One of the first people to address the committee was Santa Claus. Or, more precisely, it was Ric Erwin, chairman of the board of the Fraternal Order of Real Bearded Santas. The committee members didn’t quite take him seriously (one confessed that he had never stopped believing in Santa), but Erwin had come in earnest. “This year, Christmas will be more important to the American psyche than ever before,” he said. It was vital that the country have a cadre of vaccinated Santas ready to safely hear the wish lists of children everywhere. “We’re asking that professional Santas and other frontline seasonal workers be granted early access to the Covid-19 vaccine as soon as practical after tier-one release.”
Erwin had done his homework: The vaccine will be released in tiers, or phases. The earliest doses, perhaps as many as 20 million, will go to the groups deemed most essential by the CDC committee, according to a prioritization scheme that has not yet been finalized. After that, larger and larger groups of Americans will be granted permission to be vaccinated, until everyone is covered. Erwin wanted the Santas as close to the top of the list as possible, though his December deadline would be hard to meet.
In considering whom to prioritize for the vaccine, the committee highlighted some of the difficulties in getting it out to the public once it is approved. First, both the Pfizer and Moderna vaccines will require at least one booster shot, so the number of people who can be inoculated is half of the number of total doses available. The Pfizer vaccine will also need to be kept at -94 degrees Fahrenheit during transport and storage—quite a lot colder than most of the other shots in doctors’ freezers.
Then there is the risk that large portions of the country will refuse to be vaccinated. During the Salk vaccine trials of 1954, when hundreds of thousands of schoolchildren were inoculated against polio, the parental consent form was edited to change “I give my permission” to “I hereby request”; the implied scarcity was intended as an extra nudge to anxious parents. For Covid, there will be plenty of scarcity to go around (so to speak), but persuading the public to commit to being vaccinated is far from assured, and it gets less likely with every blusterous statement from the White House. (As Senator Kamala Harris said at the vice presidential debate in October, “If the doctors tell us that we should take it, then I’ll be the first in line to take it—absolutely. But if Donald Trump tells us that we should take it, I’m not taking it.”)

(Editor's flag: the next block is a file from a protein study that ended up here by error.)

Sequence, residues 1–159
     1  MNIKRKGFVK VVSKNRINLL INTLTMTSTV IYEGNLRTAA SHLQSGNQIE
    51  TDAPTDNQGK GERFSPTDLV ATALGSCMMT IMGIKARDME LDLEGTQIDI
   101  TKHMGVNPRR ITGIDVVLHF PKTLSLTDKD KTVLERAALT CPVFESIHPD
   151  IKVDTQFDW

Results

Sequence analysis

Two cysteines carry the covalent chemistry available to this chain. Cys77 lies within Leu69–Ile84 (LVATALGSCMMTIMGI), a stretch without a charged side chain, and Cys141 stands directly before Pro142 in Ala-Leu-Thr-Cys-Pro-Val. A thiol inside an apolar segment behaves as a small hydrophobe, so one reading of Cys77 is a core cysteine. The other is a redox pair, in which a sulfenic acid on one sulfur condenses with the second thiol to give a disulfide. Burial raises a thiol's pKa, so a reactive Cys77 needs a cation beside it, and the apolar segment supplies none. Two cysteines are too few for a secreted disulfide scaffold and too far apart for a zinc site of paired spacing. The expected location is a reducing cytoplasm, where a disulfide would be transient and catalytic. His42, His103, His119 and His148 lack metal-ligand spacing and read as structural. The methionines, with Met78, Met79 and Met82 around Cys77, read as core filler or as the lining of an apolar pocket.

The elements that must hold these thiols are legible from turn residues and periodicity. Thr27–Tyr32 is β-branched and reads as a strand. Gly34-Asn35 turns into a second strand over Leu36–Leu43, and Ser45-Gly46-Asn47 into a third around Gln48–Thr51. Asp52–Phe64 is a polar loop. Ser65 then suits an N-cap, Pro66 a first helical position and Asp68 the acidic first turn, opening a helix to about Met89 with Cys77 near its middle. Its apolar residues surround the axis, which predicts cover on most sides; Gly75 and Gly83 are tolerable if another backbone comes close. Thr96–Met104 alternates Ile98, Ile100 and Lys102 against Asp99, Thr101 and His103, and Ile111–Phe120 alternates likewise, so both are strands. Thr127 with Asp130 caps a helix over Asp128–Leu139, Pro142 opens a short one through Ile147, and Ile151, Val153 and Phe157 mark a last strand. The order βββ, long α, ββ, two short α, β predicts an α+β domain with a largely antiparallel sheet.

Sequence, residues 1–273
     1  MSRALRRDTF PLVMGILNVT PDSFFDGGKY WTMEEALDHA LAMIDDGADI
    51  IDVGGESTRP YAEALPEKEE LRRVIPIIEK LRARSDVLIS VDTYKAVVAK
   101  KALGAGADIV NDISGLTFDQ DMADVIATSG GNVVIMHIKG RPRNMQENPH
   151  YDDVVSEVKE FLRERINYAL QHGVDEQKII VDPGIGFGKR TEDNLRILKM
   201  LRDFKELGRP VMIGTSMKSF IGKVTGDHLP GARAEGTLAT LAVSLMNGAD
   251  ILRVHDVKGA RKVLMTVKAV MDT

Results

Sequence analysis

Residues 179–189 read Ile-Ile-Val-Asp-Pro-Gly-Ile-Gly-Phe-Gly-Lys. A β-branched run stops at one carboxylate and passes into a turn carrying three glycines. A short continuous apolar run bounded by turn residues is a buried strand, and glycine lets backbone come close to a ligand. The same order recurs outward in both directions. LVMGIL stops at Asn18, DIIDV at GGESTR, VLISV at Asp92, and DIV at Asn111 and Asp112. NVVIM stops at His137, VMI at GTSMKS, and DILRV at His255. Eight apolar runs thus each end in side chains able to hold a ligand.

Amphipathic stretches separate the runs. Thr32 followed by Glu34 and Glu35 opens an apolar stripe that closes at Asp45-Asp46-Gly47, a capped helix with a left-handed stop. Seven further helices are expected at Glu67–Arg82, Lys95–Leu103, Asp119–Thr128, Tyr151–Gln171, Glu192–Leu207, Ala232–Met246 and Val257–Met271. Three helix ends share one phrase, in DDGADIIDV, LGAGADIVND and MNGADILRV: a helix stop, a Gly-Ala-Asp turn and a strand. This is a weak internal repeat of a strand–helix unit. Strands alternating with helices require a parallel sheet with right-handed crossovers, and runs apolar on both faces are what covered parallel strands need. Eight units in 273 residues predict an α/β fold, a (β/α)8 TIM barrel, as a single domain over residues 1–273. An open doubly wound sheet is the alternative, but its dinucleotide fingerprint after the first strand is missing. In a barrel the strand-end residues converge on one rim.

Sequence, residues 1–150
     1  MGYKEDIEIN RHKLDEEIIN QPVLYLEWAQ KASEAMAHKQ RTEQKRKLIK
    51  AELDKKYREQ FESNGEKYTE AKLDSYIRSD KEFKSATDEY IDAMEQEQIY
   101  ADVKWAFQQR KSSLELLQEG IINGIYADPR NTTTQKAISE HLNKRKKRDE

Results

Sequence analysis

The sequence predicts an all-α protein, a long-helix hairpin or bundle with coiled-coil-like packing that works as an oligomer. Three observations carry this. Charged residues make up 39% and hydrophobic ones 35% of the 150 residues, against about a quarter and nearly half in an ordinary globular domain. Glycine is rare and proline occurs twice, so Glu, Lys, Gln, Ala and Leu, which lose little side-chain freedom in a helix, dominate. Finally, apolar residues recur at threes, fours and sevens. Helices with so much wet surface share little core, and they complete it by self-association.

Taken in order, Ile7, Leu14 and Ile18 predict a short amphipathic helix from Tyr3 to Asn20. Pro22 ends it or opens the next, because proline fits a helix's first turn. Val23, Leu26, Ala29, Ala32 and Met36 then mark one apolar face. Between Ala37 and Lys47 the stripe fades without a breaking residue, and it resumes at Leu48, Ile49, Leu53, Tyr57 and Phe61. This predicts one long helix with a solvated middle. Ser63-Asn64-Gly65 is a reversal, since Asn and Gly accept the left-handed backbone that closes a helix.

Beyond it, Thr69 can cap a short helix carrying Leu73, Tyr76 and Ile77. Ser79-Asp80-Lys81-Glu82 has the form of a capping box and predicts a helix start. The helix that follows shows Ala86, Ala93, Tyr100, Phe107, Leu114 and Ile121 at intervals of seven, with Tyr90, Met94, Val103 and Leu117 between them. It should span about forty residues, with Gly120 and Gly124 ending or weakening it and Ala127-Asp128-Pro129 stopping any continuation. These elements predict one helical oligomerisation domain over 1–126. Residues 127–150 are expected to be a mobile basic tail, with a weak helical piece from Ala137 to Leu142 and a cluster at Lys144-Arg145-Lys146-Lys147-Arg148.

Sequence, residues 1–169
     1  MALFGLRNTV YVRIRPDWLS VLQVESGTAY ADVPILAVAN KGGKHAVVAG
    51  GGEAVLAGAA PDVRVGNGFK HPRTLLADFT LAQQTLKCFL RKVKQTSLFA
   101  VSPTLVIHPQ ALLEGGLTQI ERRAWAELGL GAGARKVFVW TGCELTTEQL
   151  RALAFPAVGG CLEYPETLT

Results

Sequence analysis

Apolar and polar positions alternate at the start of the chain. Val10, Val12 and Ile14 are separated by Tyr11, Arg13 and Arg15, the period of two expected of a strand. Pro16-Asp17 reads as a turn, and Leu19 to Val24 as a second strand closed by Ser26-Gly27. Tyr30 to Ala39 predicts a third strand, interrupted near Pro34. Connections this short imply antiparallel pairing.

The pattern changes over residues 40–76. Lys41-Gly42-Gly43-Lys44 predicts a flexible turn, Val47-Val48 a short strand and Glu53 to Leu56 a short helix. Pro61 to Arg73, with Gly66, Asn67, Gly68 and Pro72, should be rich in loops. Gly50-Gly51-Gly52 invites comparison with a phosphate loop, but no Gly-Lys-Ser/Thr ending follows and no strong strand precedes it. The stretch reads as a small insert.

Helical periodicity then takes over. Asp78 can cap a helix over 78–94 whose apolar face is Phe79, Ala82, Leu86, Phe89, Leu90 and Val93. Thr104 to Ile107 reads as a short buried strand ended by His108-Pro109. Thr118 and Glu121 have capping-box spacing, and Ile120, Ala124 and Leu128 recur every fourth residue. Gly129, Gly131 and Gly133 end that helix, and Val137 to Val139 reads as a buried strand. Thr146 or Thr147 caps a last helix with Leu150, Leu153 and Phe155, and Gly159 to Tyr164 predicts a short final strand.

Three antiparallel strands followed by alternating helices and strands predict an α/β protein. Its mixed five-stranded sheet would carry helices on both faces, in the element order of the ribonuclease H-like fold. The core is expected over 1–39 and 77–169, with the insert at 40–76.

Each of these obstacles was a stubborn reminder of the way that the real world might not match a network scientist’s computer model. Acquaintance immunization is simple in theory, but what happens if the acquaintance is an antivaxxer? Or if her town doesn’t have the ability to keep the vaccine’s cold chain intact? Or if she’s so busy being the life of the party that she forgets to show up for her booster shot?
Even if a targeted strategy works as designed, it can lead to outcomes that feel morally questionable. Let’s say you’ve got one course of the vaccine and two people to choose between: Candidate 1 is a college student who doesn’t social distance, wears his mask slung beneath his chin, and plays beer pong all weekend at underground frat parties. Candidate 2 is his 87-year-old widowed grandmother, who lives on her own and has barely been out of the house since March. If your goal is to protect the more vulnerable person, you should vaccinate grandma. If your goal is to reduce transmission, you should vaccinate the frat bro. From society’s perspective, he’s a jerk; from the network’s, he’s a hub.
The prioritization committee seemed to be making a similar sort of utilitarian calculus. Rachel Slayton, a CDC epidemiologist who heads the committee’s data, analytics, and modeling task force, talked about the benefits of vaccinating the staff of a nursing home rather than its residents. “Because older adults have lower numbers of contacts,” she said, “the impact on the broader community of vaccinating the residents I would expect would be relatively small.” The best approach for the community would be to target the nodes. That should keep the virus out of the nursing homes, but it would also require a counterintuitive decision: Don’t vaccinate the people most likely to die of Covid-19.
Marc Lipsitch, an epidemiologist at Harvard’s School of Public Health, says the CDC committee is grappling with a fundamental question. “Essentially there are two approaches to using a vaccine,” he says. “One is to protect individuals by vaccinating them, and the other is to reduce transmission and therefore protect the population.” Although the committee would not make any formal recommendations until Pfizer and Moderna released their results, it seemed to be settling, cautiously, on an approach that would attempt to disrupt transmission. Under a plan presented in September, the very first doses would be reserved for health care workers, a population the committee estimates at 17 to 20 million. (The World Heath Organization has made a similar recommendation for its member countries.)